According to the old election-day joke, it makes no difference who you vote for because a politician will win anyway.
In a similar vein, it was once observed that America's parties resembled two soft-drink bottles standing side-by-side. Sure they have different labels, but they're both empty!
Australia's parliamentary-based duopoly is superior in several respects but we've had a similarly closed-shop dominated by major parties gaming the twin advantages of strong internal discipline and compulsory preferential voting.
So much so that at times like these when there is so little policy on offer, it seems every bit as permanent and hopeless as the American model.
Yet right before our eyes, things might be changing and not just because of plummeting primary votes, or Labor's better-than-expected 43 per cent emissions target for 2035 announced on Friday.
Both sides believe a hung parliament is a very real possibility. Is this good or bad?
We tend to think that majority governments are normal and by definition, desirable.
Minority governments by contrast are synonymous with instability, underperformance, theatrics on the floor of the House of Representatives, and general governmental dysfunction.
In her new collection of essays, Doing Politics: Writing on Public Life, the eminent Australian political scientist Emeritus Professor Judith Brett reminds us that it was the minor parties themselves that began clubbing together in the first decades after federation to form more controllable blocs - Labor moved first and then the various conservative/liberal/protectionists responded in kind.
But before all that, one of the Liberals' greatest heroes, Alfred Deakin, was not just a deft wrangler of minority parliaments but a defender of them. He relied on Labor to form two of his three governments.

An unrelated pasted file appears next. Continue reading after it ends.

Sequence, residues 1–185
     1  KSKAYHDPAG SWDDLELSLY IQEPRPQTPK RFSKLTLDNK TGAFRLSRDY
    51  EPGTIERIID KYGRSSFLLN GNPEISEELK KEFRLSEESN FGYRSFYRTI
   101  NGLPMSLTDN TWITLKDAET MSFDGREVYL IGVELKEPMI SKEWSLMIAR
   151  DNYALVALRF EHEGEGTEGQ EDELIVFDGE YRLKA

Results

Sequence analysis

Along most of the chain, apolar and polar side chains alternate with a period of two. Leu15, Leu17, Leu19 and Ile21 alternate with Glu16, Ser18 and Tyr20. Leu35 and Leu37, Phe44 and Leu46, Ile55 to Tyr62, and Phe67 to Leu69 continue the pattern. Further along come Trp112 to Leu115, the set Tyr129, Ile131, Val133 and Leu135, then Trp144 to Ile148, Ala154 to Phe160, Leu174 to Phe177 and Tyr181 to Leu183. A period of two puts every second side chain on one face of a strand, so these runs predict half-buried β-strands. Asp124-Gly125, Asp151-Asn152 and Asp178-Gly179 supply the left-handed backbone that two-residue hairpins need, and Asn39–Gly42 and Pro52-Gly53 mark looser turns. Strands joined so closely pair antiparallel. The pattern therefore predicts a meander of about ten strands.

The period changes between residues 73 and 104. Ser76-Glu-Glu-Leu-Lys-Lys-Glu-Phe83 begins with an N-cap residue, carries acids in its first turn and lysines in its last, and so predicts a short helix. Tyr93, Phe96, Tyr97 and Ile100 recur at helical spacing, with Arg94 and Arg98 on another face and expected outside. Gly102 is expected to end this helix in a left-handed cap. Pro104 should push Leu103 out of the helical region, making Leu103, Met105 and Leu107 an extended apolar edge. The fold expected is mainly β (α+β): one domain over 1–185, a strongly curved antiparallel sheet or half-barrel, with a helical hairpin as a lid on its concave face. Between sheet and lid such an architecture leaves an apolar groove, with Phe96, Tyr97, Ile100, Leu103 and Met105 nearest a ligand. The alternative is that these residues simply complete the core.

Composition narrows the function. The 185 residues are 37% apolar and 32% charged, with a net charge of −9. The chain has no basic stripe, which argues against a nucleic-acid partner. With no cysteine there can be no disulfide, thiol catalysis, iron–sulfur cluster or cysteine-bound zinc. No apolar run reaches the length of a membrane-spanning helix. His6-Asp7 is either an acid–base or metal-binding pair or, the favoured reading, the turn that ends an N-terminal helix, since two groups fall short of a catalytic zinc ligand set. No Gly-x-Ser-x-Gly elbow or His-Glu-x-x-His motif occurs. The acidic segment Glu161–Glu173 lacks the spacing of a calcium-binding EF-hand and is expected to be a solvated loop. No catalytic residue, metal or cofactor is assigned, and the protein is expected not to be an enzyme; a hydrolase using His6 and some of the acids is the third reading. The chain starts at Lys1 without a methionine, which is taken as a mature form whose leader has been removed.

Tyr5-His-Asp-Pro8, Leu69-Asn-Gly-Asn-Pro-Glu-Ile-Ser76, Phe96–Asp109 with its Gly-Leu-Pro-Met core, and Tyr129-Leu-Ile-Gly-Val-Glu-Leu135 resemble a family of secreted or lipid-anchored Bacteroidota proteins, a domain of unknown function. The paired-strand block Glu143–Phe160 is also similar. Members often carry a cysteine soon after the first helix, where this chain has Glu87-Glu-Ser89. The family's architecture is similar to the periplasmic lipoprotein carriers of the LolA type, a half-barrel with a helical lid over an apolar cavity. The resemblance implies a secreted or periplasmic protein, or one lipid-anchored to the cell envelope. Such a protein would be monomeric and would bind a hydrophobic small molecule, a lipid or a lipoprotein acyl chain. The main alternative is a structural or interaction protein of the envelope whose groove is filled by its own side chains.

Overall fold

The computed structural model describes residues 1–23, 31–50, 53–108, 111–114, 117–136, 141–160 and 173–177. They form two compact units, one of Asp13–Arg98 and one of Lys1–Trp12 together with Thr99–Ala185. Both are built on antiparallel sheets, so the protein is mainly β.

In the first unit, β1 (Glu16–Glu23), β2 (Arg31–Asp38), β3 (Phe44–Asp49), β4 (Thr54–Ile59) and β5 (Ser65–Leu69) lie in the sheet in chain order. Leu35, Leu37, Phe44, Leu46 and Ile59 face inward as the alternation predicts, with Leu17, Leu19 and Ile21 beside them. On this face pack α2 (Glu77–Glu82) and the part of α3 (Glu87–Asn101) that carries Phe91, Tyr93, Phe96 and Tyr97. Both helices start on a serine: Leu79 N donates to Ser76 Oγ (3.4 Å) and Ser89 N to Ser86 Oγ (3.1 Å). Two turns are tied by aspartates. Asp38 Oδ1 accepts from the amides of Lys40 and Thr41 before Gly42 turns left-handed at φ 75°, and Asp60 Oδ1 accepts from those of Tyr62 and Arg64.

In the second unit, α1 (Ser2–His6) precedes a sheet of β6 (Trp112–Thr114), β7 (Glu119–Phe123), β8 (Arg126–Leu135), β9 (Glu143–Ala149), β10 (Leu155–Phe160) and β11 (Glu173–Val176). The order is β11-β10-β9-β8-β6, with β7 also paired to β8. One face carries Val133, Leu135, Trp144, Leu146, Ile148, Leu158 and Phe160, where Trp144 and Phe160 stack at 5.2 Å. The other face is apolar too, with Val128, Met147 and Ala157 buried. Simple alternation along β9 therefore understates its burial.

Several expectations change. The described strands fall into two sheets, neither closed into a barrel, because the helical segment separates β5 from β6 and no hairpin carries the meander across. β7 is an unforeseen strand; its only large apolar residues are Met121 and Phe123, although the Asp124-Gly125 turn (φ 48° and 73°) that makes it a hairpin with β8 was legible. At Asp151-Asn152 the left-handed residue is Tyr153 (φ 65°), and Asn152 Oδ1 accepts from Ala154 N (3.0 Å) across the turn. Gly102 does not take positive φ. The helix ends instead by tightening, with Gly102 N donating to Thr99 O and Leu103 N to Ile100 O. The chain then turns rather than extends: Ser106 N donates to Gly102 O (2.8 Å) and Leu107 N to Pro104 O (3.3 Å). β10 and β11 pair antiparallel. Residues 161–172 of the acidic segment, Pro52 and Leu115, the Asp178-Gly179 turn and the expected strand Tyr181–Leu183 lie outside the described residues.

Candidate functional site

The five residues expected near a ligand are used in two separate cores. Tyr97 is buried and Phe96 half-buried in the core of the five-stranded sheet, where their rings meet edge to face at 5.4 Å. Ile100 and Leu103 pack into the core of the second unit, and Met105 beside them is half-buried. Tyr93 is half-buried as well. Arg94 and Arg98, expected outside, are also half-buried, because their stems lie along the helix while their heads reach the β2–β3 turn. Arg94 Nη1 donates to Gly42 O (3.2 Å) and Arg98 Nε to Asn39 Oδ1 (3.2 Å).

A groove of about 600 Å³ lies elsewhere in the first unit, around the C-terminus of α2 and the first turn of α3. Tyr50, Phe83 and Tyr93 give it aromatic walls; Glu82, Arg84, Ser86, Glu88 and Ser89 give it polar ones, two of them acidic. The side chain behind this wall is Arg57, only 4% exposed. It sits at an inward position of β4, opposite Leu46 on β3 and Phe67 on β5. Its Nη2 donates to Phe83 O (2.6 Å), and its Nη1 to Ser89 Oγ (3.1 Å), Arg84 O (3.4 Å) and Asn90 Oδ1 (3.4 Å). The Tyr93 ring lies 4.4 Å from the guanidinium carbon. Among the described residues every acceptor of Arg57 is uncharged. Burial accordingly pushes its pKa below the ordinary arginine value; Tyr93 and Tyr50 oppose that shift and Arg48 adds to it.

In a situation where no single party could get to a majority, Brett says Deakin openly argued that compromising on bills usually improved legislation while strengthening public and cross-parliamentary support. This elevated lawmaking from merely the passing of government legislation to the status of "organic Australian policy".
"For Deakin, the centre was the place where politics connected with Australian lived experience ... it was more like the nation's beating heart than a position on an ideological spectrum, and the Liberal Party which he led, was only ever a means to express it," writes Brett in her perceptive 2021 book.
Policy came first, party second.
Such high-mindedness seems quaint in the ruthless mechanised grifting we've become used to today but remember, Deakin was no detached theorist. Sworn in as PM three times, he knew how to win, commanded significant public support, and is widely regarded as the preeminent parliamentarian of his time.
Scott Morrison is no Alfred Deakin, not by a long chalk. But he is in reach of a more dubious record of his own - becoming the first prime minister since John Howard in 2004 to make it from one election to the next.
The damning statistic speaks to the instability of politics even within majority governments in the current phase. All but one of the governments elected since Howard secured parliamentary majorities. Yet it was that single exception, Julia Gillard's 2010-2013 minority government, which stands out for legislative workload, policy ambition, and parliamentary management.